The Great Rocky Mountain Light Show

Just another webcam screenshot from yours truly. That’s Boulder sprawled down there in the valley. I’d live there if I could afford it — not around the university where the students and old old hippies are but out in the burbs in the foothills with the miles and miles of greenbelts and parks (and occasional bear, coyote, or mountain lion).

Anyway, again, here, it’s the play of sunlight that got my attention. Love the highlighting on that very solid-looking wall of clouds over the Divide. The high clouds are just streaming along without a care in the world, but that low bank is trying to suffocate the peaks. It may sit there all day and ruminate, or it may come on east onto the plains. Understand the scale here. The peaks along the Divide range from 12,000 to 14,000 feet, and yet those clouds are far and away the most dominant thing on the horizon.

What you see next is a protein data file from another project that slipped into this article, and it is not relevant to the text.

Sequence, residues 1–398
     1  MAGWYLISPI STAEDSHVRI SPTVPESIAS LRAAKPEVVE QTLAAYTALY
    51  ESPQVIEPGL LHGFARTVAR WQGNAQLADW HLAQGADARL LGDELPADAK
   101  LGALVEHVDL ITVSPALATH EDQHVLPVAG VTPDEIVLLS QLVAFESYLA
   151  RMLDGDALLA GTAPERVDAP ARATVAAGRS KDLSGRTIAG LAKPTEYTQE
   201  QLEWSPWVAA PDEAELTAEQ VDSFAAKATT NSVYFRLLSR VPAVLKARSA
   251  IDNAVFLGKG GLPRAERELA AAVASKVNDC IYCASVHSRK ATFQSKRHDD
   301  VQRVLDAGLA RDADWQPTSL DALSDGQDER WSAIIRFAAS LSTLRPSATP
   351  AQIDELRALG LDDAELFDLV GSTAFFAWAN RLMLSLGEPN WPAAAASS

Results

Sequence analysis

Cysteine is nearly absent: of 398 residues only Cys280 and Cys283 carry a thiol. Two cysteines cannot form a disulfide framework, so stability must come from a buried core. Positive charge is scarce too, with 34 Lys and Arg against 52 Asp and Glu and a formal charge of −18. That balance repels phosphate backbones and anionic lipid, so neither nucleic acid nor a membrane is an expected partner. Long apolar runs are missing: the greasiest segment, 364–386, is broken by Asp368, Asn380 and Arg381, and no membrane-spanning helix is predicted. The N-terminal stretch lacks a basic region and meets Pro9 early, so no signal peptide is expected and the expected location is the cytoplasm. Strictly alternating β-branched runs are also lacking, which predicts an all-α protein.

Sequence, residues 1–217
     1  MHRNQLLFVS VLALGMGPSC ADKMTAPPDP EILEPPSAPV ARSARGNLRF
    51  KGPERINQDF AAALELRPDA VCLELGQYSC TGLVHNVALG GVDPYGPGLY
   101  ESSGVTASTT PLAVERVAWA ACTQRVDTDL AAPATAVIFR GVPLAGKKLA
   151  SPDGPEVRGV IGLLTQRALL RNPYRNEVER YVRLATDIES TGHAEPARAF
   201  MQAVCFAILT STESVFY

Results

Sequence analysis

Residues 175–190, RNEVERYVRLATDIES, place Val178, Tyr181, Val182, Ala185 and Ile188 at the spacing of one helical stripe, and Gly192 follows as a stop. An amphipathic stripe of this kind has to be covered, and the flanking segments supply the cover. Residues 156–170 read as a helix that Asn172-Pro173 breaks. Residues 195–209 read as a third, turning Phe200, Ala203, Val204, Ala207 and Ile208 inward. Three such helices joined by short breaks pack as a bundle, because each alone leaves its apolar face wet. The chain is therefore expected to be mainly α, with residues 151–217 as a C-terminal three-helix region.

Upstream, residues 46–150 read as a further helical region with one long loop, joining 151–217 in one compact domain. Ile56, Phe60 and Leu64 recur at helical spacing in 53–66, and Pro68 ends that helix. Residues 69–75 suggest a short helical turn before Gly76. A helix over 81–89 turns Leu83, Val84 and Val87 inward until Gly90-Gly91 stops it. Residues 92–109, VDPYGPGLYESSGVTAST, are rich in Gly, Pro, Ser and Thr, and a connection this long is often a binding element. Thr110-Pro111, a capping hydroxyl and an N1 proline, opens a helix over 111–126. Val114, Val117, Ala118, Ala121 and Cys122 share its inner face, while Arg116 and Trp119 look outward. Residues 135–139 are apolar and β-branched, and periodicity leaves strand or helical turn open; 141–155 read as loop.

Also notice the strip of sunlight running across the valley floor in the foreground. Chances are a live observer could watch it race across the valley, followed by more shadows and sunlight. Cloud shadows are very noticeable and active at this elevation (5,400 ft.). Pick a comfortable spot with a broad view and settle in for a great light show. I’ve done it many times. Clouds here aren’t something way “up there”; they are right above your head or, in the mountains, often around you. At particularly glorious moments, they will be below you.

On the far right side of the picture you’ll notice that lonely looking little conical white peak. That’s Sugarloaf. It’s conspicuous here because the clouds are hiding the peaks behind it and because it has snow on it. This side of it was burned clear by the Boulder Canyon fire back in the ’80s, so it glows like a beacon when snow-covered. (That was the fire that almost got my brother’s house on the far side of the mountain.)

You know, now that I think about it, a little house right where this camera is, with the same view, would give me a front row seat 24/7 for the greatest show on earth. And probably far fewer mountain lions …

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